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I've got some LINQ to SQL that sometimes throws a

"Cannot insert duplicate key row in object 'dbo.Table' with unique index 'IX_Indexname'.The statement has been terminated."

Is there some way I can turn on logging or at least debug into the datacontext to see what sql is being executed at the time that error is raised?

Update: I should have mentioned I know about the GetChangeSet() method, I was wondering if there is a property on the DataContext that shows the last SQL that was executed, or a property on the sql exception that shows the SQL.

The odd thing about this error is that in the change sets, there is only one update & the only field that's changing is a datetime field that isn't in the index that causing the error.

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6 Answers 6

up vote 10 down vote accepted

A simple way to do this is to use the DataContext.Log property:

using (MyDataContext ctx = new MyDataContext())
{
    StringWriter sw = new StringWriter();
    ctx.Log = sw;

    // execute some LINQ to SQL operations...

    string sql = sw.ToString();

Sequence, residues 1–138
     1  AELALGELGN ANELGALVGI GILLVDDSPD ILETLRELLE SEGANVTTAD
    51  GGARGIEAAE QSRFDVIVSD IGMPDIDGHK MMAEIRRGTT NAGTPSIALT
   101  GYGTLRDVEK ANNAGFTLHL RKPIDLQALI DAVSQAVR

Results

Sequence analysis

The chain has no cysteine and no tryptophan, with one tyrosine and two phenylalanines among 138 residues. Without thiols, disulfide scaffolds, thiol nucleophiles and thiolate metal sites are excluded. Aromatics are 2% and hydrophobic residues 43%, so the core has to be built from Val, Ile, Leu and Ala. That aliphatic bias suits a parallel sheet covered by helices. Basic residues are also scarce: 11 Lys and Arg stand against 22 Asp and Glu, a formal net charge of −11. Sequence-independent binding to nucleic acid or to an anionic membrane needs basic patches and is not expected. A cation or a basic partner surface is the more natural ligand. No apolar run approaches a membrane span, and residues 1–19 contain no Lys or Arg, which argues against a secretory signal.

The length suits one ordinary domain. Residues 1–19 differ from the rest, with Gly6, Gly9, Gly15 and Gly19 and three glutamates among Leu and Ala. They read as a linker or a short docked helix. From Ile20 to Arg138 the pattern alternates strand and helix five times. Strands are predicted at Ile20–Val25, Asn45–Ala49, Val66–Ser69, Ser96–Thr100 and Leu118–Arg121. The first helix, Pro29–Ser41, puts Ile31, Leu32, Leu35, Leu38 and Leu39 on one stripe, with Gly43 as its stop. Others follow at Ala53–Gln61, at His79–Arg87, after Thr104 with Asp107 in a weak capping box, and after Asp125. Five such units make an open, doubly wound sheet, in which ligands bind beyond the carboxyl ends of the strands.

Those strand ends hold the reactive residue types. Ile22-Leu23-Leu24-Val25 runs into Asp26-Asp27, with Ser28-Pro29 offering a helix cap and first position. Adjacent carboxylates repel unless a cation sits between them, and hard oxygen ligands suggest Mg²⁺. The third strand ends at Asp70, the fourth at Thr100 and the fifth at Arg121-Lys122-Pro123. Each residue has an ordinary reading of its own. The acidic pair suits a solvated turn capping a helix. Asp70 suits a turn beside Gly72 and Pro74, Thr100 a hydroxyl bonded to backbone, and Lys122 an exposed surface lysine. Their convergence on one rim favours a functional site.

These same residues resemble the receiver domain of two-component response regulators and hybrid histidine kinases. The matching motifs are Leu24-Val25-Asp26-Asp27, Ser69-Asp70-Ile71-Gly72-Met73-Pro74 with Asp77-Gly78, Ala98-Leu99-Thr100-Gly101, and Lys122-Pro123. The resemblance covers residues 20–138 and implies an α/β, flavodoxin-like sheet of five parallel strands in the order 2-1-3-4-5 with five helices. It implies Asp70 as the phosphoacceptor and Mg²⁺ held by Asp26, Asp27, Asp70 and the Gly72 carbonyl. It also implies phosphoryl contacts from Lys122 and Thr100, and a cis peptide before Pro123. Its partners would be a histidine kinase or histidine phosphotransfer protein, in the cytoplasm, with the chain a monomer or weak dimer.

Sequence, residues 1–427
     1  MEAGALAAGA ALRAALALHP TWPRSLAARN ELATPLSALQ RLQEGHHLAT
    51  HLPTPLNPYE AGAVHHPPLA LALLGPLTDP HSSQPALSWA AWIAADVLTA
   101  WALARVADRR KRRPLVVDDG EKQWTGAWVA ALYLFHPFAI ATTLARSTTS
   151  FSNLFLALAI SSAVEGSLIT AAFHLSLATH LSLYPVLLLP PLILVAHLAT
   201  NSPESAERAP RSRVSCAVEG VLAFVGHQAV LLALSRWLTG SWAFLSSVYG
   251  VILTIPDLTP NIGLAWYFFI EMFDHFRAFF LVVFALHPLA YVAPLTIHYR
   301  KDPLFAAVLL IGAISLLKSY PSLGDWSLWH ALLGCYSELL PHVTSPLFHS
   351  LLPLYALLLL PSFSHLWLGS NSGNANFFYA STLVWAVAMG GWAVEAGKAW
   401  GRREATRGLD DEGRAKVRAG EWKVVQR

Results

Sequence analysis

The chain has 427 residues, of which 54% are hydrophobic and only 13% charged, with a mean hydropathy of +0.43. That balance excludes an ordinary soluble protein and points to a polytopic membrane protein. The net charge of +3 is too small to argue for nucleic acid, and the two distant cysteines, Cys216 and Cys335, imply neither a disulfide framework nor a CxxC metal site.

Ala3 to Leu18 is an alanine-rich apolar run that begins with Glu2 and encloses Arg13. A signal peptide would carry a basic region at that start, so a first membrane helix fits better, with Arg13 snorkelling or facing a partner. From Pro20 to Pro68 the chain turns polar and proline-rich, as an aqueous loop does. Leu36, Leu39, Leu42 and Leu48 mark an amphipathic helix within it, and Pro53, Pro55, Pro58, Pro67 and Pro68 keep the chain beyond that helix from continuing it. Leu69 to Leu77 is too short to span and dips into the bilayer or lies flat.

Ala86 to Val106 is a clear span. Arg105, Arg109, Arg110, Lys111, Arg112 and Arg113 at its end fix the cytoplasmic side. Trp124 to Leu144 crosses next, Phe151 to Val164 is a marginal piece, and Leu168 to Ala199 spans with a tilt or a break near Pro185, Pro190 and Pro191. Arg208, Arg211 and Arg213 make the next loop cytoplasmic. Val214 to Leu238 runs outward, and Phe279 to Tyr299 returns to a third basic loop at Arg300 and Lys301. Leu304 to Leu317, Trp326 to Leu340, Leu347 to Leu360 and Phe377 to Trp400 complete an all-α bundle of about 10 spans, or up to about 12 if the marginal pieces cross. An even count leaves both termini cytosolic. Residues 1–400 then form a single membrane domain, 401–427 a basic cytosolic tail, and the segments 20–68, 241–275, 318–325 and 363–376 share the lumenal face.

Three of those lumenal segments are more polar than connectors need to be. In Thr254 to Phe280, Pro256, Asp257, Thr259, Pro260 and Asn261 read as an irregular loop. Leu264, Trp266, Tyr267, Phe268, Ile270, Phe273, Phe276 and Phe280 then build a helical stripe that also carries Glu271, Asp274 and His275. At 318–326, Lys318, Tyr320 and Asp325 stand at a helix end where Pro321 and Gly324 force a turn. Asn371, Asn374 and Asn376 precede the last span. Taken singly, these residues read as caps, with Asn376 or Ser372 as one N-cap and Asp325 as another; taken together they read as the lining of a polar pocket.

// put a breakpoint here, log it to a file, etc...
}
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5  
Using SQL profiler would be the preferable solution since you wouldn't have to change your code at all. –  Wayne Bloss Dec 1 '08 at 1:04
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When running into these type issues I've been using the SQL profiler. Basically turning on the profiler, putting a break point on the save/update, clearing the profiler and then running just that statement. From there I have all the SQL that was executed and I can see what was generated. [I've mostly been doing this through DataServices so the .SaveChanges() is a very convenient location to put the breakpoint]

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Write a test to isolate the piece or pieces of code causing all the trouble. Set DataContext.Log = Console.Out. Run the test with a testrunner (NUnit, MSTest, etc). The testrunners typically display anything printed to Console.Out along with the test results.

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You could use SQL profiler to view the SQL as it's hitting the SQL server.

If you want to see what is actually in the change sets you need to use:

context.GetChangedSet();

MSDN - http://msdn.microsoft.com/en-us/library/system.data.linq.datacontext.getchangeset.aspx

You can then view each SQL statement before it is sent to the server.

Your last point of call is to use VS 2008's ability to debug through the .NET framework.

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use SQL Profiler. It is your friend and ships with SQL. you can view any SQL statements that are being executed, with complete control over filtering.

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I have to agree with Bradley Grainger using the DataContext.Log property is the best way to see the executed sql.

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